Our Community Road Safety Fund works with other organisations to support community-based road safety initiatives. It evolved from the Road Safety Trust, a former Crown-established charitable trust, which was wound up in June 2013.
The Community Road Safety Fund contributes to a safer road system through funding, in partnership with others, value-for-money, high impact community projects which might not otherwise occur.
An Advisory Group, made up of representatives from the Transport Agency, ACC, NZ Police, the Safe and Sustainable Transport Association, and the AA, will be responsible for setting the direction of the Community Road Safety Fund and making investment decisions.
A portion of the profits from the sale of personalised plates provides the funds for the Community Road Safety Fund.
Four major projects are currently being funded by the Community Road Safety Fund.
These two programmes seek to address some of the barriers young people face when trying to get their restricted drivers licence, such as access to a safe car and petrol, or an appropriate mentor to give them the driving practice they need.
Following two successful pilot programmes, a number of communities have been selected to implement the programmes: Porirua, Te Kuiti, Christchurch East, South Auckland, Gisborne, and Northland. These six programmes involve the Transport Agency, the AA, local councils and community groups. Delivery of these programmes is also made possible through the generous sponsorship of Chevron New Zealand (who markets the Caltex brand) and Hyundai New Zealand.
The Transport Agency and the AA cannot run the programmes in all communities, so have produced the following guide to help communities run a Driver Mentor Programme on their own.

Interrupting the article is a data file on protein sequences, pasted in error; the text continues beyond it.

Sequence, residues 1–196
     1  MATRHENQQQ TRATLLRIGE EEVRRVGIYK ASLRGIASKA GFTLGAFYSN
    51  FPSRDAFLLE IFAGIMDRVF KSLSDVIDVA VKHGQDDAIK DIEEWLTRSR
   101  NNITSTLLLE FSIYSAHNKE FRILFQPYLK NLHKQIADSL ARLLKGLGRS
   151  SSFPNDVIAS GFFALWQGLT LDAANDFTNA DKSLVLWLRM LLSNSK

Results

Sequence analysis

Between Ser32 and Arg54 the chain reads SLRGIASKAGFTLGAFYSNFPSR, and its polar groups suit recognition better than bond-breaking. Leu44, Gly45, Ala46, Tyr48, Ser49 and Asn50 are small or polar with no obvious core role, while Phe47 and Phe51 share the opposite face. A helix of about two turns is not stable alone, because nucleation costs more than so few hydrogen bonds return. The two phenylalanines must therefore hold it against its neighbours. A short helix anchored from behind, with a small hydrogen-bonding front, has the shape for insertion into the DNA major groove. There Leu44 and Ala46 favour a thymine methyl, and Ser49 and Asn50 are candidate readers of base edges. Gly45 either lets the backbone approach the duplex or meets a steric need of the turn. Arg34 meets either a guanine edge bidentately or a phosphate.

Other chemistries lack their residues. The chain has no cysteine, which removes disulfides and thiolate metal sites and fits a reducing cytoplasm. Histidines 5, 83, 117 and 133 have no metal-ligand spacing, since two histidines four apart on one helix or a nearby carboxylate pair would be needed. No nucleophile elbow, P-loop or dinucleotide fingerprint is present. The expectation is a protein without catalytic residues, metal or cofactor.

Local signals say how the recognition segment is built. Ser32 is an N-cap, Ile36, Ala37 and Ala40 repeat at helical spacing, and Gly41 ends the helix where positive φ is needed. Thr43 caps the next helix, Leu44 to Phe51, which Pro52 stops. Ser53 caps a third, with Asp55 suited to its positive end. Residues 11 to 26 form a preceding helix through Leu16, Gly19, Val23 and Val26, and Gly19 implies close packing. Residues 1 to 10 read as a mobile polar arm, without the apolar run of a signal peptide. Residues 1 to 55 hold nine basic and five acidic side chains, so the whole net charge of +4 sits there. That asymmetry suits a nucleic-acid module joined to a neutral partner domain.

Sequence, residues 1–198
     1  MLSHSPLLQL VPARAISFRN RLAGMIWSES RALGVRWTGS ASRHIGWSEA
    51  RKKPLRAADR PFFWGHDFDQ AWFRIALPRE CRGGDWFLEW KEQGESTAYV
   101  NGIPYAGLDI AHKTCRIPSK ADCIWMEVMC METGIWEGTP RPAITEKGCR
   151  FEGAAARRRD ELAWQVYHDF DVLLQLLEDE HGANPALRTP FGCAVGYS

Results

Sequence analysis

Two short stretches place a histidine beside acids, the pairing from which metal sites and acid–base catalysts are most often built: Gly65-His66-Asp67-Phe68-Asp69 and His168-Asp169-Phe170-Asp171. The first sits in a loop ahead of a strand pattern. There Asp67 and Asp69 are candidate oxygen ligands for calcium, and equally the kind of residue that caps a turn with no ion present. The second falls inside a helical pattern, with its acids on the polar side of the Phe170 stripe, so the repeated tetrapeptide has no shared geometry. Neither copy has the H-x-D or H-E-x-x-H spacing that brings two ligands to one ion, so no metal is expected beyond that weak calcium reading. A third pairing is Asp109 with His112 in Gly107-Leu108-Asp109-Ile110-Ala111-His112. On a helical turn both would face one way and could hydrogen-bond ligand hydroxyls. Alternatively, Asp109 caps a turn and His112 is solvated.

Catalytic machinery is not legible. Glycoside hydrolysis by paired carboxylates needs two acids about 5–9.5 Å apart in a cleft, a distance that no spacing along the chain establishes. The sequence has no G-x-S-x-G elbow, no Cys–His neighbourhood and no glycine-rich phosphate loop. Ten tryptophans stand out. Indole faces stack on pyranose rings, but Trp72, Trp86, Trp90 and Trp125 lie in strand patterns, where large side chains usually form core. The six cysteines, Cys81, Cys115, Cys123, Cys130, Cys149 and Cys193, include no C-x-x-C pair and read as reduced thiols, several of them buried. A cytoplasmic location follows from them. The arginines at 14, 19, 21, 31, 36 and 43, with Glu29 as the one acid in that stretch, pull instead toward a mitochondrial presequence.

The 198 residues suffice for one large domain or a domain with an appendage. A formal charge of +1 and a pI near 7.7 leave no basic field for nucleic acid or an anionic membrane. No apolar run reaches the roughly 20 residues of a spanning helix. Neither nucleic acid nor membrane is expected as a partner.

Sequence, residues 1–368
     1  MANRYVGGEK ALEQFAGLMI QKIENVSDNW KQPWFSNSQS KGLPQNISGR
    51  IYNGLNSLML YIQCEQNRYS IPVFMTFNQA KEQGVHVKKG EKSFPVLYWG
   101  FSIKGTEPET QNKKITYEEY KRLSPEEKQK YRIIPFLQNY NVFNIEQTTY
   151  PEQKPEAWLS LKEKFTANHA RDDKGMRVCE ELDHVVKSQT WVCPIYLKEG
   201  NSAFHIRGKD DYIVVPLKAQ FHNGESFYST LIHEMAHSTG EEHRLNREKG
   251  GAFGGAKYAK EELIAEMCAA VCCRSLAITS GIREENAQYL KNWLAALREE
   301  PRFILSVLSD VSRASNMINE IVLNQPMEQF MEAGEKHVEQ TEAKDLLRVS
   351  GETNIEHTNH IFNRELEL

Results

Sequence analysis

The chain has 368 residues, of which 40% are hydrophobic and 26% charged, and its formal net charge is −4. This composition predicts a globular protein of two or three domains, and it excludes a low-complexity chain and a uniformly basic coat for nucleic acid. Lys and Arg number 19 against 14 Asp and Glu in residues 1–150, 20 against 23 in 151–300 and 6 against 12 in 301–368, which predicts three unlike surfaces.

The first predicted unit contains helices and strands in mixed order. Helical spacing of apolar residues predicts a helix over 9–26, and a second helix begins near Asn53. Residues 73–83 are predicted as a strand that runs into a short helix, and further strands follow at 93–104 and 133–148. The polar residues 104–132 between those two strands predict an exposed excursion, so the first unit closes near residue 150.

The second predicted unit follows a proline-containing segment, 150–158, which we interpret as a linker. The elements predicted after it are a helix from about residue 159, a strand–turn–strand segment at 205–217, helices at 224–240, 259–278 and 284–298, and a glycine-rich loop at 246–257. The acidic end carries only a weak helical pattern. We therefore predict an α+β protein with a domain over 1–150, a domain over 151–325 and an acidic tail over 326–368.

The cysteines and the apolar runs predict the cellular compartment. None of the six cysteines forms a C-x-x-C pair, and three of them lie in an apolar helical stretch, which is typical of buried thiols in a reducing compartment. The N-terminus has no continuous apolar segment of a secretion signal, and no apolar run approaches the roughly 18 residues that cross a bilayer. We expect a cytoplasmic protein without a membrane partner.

Please note that at a minimum the following resources are required to implement a programme based on the guide:
The Transport Agency is the principal funder of SADD, which is an entirely student led initiative throughout secondary schools nationwide. SADD seeks to address the culture around dangerous driving by educating and empowering each new generation of young people to make healthier, safer and better choices.
In the three decades since SADD began at Mahurangi College in Warkworth, a lot has happened to reduce the harm caused on our roads by drunk drivers:
At a student-level, SADD has been a constant presence in working to educate and drive culture change amongst youth about drunk driving and other dangerous driving issues.
This multi-layered and community-wide approach has certainly improved the outcome for New Zealanders, with alcohol-related fatal crashes dropping 69% and the associated deaths reduced by 68% in the three decades since 1986.
The Transport Agency has been supporting this programme since 2013 to improve road safety around New Zealand’s rural schools. There are three main parts of the programme:
The Community Road Safety Fund is also supporting Refugees as Survivors to provide Road Safety Education sessions at the Mangere National Refugee reception centre for newly arrived refugees. The Fund is also helping some refugees to gain their Learner Drivers Licence.
This work is licensed under a Creative Commons 3.0 Attribution New Zealand Licence